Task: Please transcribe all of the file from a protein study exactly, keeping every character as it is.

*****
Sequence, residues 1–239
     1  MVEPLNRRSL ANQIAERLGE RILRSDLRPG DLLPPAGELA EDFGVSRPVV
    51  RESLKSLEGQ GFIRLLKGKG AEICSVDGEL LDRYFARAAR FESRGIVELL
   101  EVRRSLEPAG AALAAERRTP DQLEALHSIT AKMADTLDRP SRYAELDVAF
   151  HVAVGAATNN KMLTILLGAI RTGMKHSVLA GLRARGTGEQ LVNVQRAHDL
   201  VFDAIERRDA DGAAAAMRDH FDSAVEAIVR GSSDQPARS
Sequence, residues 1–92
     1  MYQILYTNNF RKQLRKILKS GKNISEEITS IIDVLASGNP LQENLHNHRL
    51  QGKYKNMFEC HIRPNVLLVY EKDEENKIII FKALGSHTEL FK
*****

Sequence, residues 1–239
     1  MVEPLNRRSL ANQIAERLGE RILRSDLRPG DLLPPAGELA EDFGVSRPVV
    51  RESLKSLEGQ GFIRLLKGKG AEICSVDGEL LDRYFARAAR FESRGIVELL
   101  EVRRSLEPAG AALAAERRTP DQLEALHSIT AKMADTLDRP SRYAELDVAF
   151  HVAVGAATNN KMLTILLGAI RTGMKHSVLA GLRARGTGEQ LVNVQRAHDL
   201  VFDAIERRDA DGAAAAMRDH FDSAVEAIVR GSSDQPARS
Sequence, residues 1–92
     1  MYQILYTNNF RKQLRKILKS GKNISEEITS IIDVLASGNP LQENLHNHRL
    51  QGKYKNMFEC HIRPNVLLVY EKDEENKIII FKALGSHTEL FK